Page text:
Going in, I was assuming the Pride Month event at City Hall was for celebrating the previous days' revelation that the Green Lantern is gay. It's not Batman or Superman, but baby steps, right?
But no one -- not Councilwoman Delia Jasso, not any of the half dozen speakers, not the Turtle Creek Chorale in the performance of "God Bless America" -- made any mention of LGBT strides in second-tier comic books.
Instead, the city's official proclamation of June as Gay Pride Month referenced the Stonewall Inn riots of 1969 that sparked the gay rights movement, and speakers focused on the the progress and challenges in the intervening years.
Jasso, who established the city's LGBT Task Force when she took office about three years ago, rattled off several notable accomplishments, like the hiring of a full-time LGBT liaison at the Dallas Police Department, non-discrimination measures in housing and employment and sensitivity training at Dallas Fire Rescue, though the organization has a lot further to go than DPD.
Mayor Mike Rawlings, who was was attending slacks icon Joseph Haggar's memorial service delivered a prerecorded video message in which he introduced himself ("Hello everyone. I'm Mike Rawlings."), praised the gay community ("Your style and your character is truly something to be proud of.") and promised to work to strengthen their ties with "mainstream institutions."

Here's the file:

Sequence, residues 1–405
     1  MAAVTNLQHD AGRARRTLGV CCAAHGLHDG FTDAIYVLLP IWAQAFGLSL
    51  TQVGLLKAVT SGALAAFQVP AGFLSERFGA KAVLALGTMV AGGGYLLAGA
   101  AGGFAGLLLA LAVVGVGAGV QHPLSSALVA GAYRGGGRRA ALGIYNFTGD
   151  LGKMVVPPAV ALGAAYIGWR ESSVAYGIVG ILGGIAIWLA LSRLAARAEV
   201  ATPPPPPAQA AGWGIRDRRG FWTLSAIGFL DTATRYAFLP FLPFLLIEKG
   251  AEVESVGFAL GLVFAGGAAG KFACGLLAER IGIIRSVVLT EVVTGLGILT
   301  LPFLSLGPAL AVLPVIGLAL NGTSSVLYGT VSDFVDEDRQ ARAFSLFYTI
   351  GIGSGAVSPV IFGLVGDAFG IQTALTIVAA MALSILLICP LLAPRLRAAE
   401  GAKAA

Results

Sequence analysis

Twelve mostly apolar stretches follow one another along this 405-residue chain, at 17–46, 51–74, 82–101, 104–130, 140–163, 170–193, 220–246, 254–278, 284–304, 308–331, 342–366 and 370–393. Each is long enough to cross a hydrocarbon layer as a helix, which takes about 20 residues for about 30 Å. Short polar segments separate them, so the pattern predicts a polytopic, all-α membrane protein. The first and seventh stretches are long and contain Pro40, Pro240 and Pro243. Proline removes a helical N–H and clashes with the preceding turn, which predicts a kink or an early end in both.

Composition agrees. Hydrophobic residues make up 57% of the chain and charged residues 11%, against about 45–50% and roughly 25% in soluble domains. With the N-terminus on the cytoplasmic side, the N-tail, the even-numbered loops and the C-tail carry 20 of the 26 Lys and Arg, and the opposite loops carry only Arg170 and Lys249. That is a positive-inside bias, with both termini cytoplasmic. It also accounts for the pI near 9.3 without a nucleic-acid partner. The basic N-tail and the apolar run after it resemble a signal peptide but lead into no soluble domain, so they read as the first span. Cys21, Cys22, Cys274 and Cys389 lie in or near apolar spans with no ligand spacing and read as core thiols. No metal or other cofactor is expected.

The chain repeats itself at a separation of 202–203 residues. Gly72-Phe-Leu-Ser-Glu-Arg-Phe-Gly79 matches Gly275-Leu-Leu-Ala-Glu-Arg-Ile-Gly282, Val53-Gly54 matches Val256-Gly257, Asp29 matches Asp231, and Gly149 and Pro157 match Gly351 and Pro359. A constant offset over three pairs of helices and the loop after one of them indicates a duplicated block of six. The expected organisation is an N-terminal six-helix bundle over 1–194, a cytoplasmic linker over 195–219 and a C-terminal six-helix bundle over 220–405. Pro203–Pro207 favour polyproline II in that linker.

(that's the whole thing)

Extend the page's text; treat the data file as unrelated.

He also announced that a rainbow Gay Pride flag will join the four dozen others in City Hall's Flag Room, at least for the month of June.
Rawlings was followed by Mayor Pro-Tem Pauline Medrano, who stressed the importance of diverse appointments to city boards and commissions, and Angela Hunt, who earned City Manager Mary Suhm a round of applause for praising her work to advance gay issues.
Omar Narvaez, a member of the LGBT Task Force, applauded the city for upgrading last year's one-day proclamation celebrating Gay Pride to span an entire month. Carter Brown, the founder of Black TransMen, Inc. (which is what it sounds like) delivered a poem, and the awesomely named (and voiced) Lady B. Smoove followed up with a sung poem.
The event was capped off by TCC's performance of "Somewhere Over the Rainbow," which might have been a stereotypical choice but was well done, but none of the refreshments listed on the program, which Jasso promised to remember next year
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